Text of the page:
Most economy class airline seats are pretty cramped, but not those coveted exit row seats. Here, in chart form, we tell you how to nab these extra legroom seats.

Advance booking 


At the airport 

Also of note:


The airline operates a first-come, first-served program; request when buying your ticket

 $20 each way (includes all legs of each journey)

Sure — if there’s anything left.

AirTran is notorious for its stingy seat pitch in its regular coach seats — as little as 30 inches on its Boeing 717s. $20 is a small price to keep the blood circulating down to your toes!


Elite MileagePlan members, Full Flex fares and awards. Everyone else, nice try, but no.


Have a look when you check-in, either online 24 hours before departure or via kiosk. If there's anything left, it's all yours.

Want to feel like a second-class citizen? Fly Alaska without status. (Hope you enjoy the middle seat, all the way to Anchorage!)


AAirpass members, AAadvantage Platinum and Gold members, British Airways Premier, Gold and Silver members, those traveling on certain unrestricted fares


First come, first served — passengers may assign themselves exit row seats using the self check-in kiosks as well as by request in person from an agent.

Before you congratulate American on not charging for seats at the airport, consider why – they don't want them being bought out from under their prized elite AAdvantage members. (Without these guys, they're nobody.)


By next year, they'll be part of the same program as United, but for now, OnePass Elite members get in for free, while others can upgrade to an exit row after purchasing their ticket as part of the "Extra Legroom" program.   

Varies – $59 per flight is a typical average additional fee. (It's not cheap.)

No more freebies at the airport – they'll sell you one if any are available on the day of travel.

As on Alaska, it's often difficult to squeeze your way into the exit row at any price, thanks to the demand created by elite mileage program members.


Used to be a free-for-all, now only SkyMiles Medallion members and those traveling on unrestricted fares get to choose seats right away.


First come, first-served – get there early and look at the seat map at the check-in kiosk; if no dice, ask an agent and cross your fingers.

Become a SkyMiles member, even if you never intend to fly Delta ever again – you may get lucky and find some open seats before they are available to the  general public.


EarlyReturns Summit members can reserve free at time of purchase, Ascent members can request for free at check in if pre-assignment not available.

These seats now fall under the "Stretch Seating" designation; from $15 on up each segment for economy fares, from $5 for "Classic" or free for "Classic Plus", each way depending on length of flight.

At time of purchase or at airport if any seats left.

Like any other airline that follows this policy, the early bird gets the worm on the day of departure.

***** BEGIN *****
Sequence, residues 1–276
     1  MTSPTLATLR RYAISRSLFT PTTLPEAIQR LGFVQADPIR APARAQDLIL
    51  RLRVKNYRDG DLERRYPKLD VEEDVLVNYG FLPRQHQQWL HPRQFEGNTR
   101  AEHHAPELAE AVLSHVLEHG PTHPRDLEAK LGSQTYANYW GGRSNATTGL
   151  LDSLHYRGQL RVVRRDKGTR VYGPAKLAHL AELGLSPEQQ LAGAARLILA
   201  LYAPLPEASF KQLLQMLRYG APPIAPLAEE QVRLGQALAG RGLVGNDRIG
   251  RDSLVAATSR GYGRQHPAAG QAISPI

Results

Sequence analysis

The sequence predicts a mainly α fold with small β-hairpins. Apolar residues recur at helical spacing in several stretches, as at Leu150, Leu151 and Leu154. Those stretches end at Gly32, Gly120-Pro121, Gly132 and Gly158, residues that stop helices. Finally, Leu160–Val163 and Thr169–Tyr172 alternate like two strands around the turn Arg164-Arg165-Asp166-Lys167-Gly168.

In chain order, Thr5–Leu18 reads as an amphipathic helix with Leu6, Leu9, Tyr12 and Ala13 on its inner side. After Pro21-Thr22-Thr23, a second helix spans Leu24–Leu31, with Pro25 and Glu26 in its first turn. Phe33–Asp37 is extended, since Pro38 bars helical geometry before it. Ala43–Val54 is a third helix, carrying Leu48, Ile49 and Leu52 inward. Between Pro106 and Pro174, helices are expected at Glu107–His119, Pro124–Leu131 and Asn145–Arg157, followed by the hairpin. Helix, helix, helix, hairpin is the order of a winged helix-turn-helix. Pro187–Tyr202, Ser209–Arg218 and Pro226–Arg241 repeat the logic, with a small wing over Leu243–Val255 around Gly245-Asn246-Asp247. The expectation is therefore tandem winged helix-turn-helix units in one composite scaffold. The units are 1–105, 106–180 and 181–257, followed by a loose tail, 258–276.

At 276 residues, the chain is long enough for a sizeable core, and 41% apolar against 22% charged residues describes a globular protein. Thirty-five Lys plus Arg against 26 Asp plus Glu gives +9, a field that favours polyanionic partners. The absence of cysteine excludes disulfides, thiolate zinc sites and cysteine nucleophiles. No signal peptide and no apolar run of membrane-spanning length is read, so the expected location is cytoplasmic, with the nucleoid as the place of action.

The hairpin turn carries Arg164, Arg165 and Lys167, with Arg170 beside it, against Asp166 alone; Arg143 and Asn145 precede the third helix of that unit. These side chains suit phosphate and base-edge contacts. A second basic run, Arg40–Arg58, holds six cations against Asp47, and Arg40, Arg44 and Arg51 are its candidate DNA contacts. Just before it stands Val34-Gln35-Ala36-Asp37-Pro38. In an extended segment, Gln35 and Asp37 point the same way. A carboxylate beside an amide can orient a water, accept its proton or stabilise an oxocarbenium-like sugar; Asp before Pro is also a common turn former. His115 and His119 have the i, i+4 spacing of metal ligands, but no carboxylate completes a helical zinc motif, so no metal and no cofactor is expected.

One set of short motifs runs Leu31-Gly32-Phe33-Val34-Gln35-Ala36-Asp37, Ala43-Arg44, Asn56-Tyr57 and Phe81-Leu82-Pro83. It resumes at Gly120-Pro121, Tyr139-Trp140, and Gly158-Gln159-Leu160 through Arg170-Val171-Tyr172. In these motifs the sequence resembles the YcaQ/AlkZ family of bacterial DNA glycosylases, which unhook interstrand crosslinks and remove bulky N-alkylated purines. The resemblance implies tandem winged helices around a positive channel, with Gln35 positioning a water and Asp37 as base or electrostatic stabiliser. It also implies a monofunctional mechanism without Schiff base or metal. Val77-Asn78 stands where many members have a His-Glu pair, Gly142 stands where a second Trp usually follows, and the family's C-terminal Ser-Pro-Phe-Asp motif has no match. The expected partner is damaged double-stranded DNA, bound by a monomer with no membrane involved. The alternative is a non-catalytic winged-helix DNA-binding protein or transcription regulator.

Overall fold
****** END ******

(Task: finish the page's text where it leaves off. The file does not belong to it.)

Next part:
Seats are sold as part of the airline's "Even More Legroom" priority seating program; there are no freebies.

The cost is steadily rising -- $30 for shorter flights, $65 or more for transcontinental

Can be purchased at time of booking, or on day of travel or at online check-in if any seats remain.

Passengers buying these seats have priority boarding privileges – essentially, this is JetBlue's version of First Class plus fast track TSA lines at some airports. (And we've seen attendants boot freeloaders with no apologies.)




First boarded, first served

Southwest doesn't assign seats, but if you buy a higher-priced "Business Select" fare you get to board the plane in the first portion of the 'A' boarding group, so your chances of grabbing an exit row are greatly enhanced. You also get a free cocktail and other perks.


Available for purchase any time.


First come, first served

For $5 more, stretch out (well, all things being relative – this is Spirit we're talking about) in the comfort of their $25 Big Front Seats.


 Elite Mileage Plus members (Premier, Premier Executive, and 1K) get automatically upgraded to the Economy Plus seating, which includes exit rows. Everyone else pays.    

No fee for elites, charged based on distance traveled, sometimes over $100 per leg.

Economy Plus is sold until it’s full — you may buy all the way up to the gate.

On many flights, even Premier MileagePlus members can't get near the exit rows or the Economy Plus seating, so don't feel bad if you strike out.

US Airways

Exclusively reserved for Dividend Miles Preferred members.

No charge

Any remaining seats are made available at the airport.

Sign up for Dividend Miles; non-Preferred members can access Preferred seats 24 hours before scheduled departures. You never know.  .

Virgin America

Exit rows are part of the "Main Cabin Select" section; fares are significantly higher than economy. 

On a recent flight from LAX-SFO, economy was $89, Main Cabin Select was $190.

Can purchase at airport based on availability.

Not worth the extra money, unless you need lots of leg room on a transcontinental run. JetBlue's a much better bargain, though. VA throws in more bells and whistles, but the fact is you're overpaying for an economy seat. No amount of free movies can take the sting away.

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